1 bit for the side to move
4 bits for castling right
3 bits for enpassent square
64 bits for every square to tell if the square is empty.
4 bits for the content of every non empty square(4*32=128 in the worst case)

Uri
If you hash the full board as a minimized structure, it goes back to the old encoding method where we tried to squeeze the board as small as possible. I believe Karin's Dad got to about 160 bits.
It is certainly possible to hash with less bits but I do not see the point in doing it.

If we are talking about safe fast perft then the target is to translate every position to a number that is easy to calculate.

If you spend too much time in calculating the hash number your perft is going to be slower inspite of slightly more positions in the hash.

Uri
I have a fast way that uses 192 bits total.

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hgm
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Re: Perishing Perft !

Post by hgm » Tue May 22, 2007 7:50 am

GeoffW wrote:My makemove code uses the 0x88 delta trick you mentioned to figure out if in check, but I am currently doing this right at the end of makemove().
This is less than optimum as it would be best to do it at the start of makemove(), to save the move make and move undo code. That is much trickier to code however, so i am just contemplating that one now.

Where do you test for sideToMove in check ? At start or end of makemove() ?
Quick Perft (which is actually the basis of Joker) does the self-check test after MakeMove, but only for King moves, e.p. captures. This to prevent the King from trying to hide behind himself, end because e.p. pins are not trivially detected (e.g. if both involved Pawns are n the pin line).

Castlings are King moves, but in the MakeMove part that moves the Rook it is checked if the Rook ends up in-check. (So illegal castlings are treated as self-checks.)

Other moves can never cause self-check, and thus do not have to be tested at all. This because the move generator does not generate illegal moves with pinned pieces. This is much more efficient: There are only 5 enemy sliders that could pin something, and most of those fail the 0x88 test for alignment with your King. If occasionally one is aligned, that piece is excluded from normal move generation, disabling many moves at once. This saves a lot of time compared to testing each move separately for the pin condition. If a pinned piece has moves along the pin line, they are generated in the code section that handles the pins, as it is already aware what the pin line is, and has already determined upto where the moves can go (from own King upto and including pinner).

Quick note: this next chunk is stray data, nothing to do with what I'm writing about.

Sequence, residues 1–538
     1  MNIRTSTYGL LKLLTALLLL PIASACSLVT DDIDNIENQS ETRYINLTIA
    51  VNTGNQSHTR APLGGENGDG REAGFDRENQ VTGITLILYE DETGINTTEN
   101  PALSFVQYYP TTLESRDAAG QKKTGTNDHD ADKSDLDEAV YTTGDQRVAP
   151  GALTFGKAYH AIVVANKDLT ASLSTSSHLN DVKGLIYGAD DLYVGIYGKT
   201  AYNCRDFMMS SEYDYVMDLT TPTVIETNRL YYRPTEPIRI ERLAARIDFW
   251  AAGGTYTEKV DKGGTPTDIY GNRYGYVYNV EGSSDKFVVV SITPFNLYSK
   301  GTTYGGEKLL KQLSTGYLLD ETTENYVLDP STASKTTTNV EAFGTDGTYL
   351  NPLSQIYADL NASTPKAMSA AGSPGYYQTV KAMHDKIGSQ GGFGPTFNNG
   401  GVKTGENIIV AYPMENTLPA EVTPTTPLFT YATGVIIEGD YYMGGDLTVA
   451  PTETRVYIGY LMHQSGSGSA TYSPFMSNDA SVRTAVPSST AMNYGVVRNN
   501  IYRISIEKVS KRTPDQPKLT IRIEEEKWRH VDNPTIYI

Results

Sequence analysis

As a fringe benifit, testing for the pins automatically tell you if you are in distant check yourself. Alternatively, if you test moves for delivering check to the opponent after they are made, you can at the same time without much extra work detect new pins as well, and differentially maintain a list of pinned pieces.

When you are in check before the move, your primary concern is not if your move puts you in check, but to get out of it. It helps if your 0x88 test already tells you if the move is a distant check or a contact check. In the latter case you can limit yourself to King moves and capture of the checker. (With non-pinned pieces. Note that a move of a pinned piece on the pin line can never capture the checker or block the check.) The distant case is a pain, and I could not devise any quicker way than simply generating all moves, and then doing the 0x88 test compared to own King to see if they fal on the check line, and if they do, test if they indeed block it. (Perhaps the latter could be still sped up by also having a 0x88 distance table, but checks are not sufficiently common to care very much how you handle them.)

How exactly you handle the castlings and e.p. captures is also completely irrelevant fr speed.